Footwear firm Timberland's
For the second quarter, sales fell 5.7%. The weakness was attributed to struggles in Timberland's U.S. boot and children's sales categories. International shoe sales were up a couple of percentage points, while the entire apparel and accessories business grew sales 20% and helped stem weak footwear trends. But this was not enough to prevent an earnings loss that was blamed on lower boot sales, restructuring costs, business expansion expenses, and returns and clearance sales.
For the full year, Timberland's management expects "flat to low single-digit revenue growth" and an earnings drop of 25%, as it works to build a solid boot brand throughout the world. But are the current struggles short-term? And are recent efforts geared toward driving long-term shareholder value?
Management does have some credibility, judging by its track record. Sales growth hasn't been overly high, coming in at about 7.5% annually over the past few years, but the company has been able to leverage that into 10.8% earnings growth per year. Lately, sales growth has been hard to come by, and it's unclear as to when negative trends will reverse themselves, but management does appear intent on ensuring that Timberland's status as a premium brand stays intact. So how does cash flow generation look?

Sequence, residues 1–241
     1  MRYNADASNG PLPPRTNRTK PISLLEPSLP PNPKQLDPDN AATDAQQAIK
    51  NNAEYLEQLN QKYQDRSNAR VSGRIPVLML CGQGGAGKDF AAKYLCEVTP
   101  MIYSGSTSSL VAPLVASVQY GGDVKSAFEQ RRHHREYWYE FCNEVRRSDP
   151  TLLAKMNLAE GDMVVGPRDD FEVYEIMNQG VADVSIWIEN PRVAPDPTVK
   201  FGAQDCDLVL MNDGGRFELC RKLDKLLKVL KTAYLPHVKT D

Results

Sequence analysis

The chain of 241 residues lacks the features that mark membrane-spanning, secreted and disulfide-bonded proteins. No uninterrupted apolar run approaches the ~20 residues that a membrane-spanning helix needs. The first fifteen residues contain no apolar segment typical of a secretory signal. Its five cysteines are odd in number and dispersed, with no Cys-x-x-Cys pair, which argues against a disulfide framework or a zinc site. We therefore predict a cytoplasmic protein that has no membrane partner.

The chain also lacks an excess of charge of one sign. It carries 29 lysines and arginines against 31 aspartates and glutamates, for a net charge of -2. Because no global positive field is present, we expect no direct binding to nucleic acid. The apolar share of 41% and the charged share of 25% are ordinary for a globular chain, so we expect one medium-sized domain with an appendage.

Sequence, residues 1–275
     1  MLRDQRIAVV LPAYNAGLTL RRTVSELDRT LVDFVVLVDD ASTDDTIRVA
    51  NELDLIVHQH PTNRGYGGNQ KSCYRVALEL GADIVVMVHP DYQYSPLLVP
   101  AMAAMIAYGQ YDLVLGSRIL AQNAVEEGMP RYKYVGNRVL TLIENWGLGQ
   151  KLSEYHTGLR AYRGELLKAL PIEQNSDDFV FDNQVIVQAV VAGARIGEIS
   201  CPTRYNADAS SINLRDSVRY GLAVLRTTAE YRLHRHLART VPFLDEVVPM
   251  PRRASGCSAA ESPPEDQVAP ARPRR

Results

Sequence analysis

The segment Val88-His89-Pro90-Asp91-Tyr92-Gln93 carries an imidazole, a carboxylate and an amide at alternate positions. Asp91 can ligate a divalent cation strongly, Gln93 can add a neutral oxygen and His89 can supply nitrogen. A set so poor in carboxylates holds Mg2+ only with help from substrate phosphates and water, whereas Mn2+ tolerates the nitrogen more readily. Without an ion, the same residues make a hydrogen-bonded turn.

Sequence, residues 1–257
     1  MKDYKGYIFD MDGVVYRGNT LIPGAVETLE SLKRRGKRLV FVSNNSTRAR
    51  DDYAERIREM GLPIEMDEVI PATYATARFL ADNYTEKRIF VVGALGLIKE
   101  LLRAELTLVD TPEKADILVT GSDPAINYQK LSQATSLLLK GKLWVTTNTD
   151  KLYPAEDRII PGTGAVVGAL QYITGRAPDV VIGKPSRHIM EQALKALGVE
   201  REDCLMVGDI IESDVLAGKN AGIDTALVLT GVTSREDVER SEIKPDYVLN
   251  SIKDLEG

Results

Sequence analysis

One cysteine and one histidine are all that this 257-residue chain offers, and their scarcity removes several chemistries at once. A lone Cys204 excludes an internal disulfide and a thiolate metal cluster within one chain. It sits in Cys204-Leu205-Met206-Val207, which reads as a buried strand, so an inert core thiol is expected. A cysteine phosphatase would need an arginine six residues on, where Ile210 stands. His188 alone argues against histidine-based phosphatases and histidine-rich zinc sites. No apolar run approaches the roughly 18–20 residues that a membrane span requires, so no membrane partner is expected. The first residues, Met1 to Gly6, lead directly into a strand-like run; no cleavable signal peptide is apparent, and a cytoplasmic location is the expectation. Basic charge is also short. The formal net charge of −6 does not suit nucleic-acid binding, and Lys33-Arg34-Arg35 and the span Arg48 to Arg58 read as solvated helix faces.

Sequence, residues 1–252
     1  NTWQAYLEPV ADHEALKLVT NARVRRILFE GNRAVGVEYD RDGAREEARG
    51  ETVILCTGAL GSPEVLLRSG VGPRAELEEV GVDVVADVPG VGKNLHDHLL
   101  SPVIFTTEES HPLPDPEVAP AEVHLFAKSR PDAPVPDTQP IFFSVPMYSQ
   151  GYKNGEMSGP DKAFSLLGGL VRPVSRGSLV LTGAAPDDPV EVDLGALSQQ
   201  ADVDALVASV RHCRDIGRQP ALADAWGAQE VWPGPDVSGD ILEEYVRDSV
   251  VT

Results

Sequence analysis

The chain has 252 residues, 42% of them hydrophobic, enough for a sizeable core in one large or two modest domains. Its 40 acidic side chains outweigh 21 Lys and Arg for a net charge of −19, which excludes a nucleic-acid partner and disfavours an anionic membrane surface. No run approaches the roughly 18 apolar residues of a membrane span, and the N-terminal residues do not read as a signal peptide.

Again, the track record looks good. Timberland's net income has been close to free cash flow, so the price-to-earnings ratio listed is a good proxy for the price-to-free cash flow multiple. A current P/E multiple of 11 implies a free cash flow yield, or just the reverse of price to free cash flow, of about 9.1%. That's a compellingly low number. However, projections for the year ending in December call for a multiple closer to 14 because nearer-term growth trends are proving difficult. In fact, operating cash flow and subsequent free cash flow have fallen for a couple of years now. Back to a longer-term perspective.
Timberland appears to be one of the premier footwear companies, including industry titan Nike
Overall, the market isn't enthused about Timberland's stock. But the stock price appears to already be discounted for the prospect of lackluster performance in the near future. As a result, the shares could be worth nibbling, just in case the strong track record of profitable growth and generating cash flow does hold up. It's not certain when or if an improvement will take place, but the penalty for making a wrong bet doesn't appear that harsh right now.
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Fool contributor Ryan Fuhrmann is long shares of Nike, but has no financial interest in any other company mentioned. The Fool has an ironclad disclosure policy. Feel free to email Ryan with feedback or to discuss any companies mentioned further.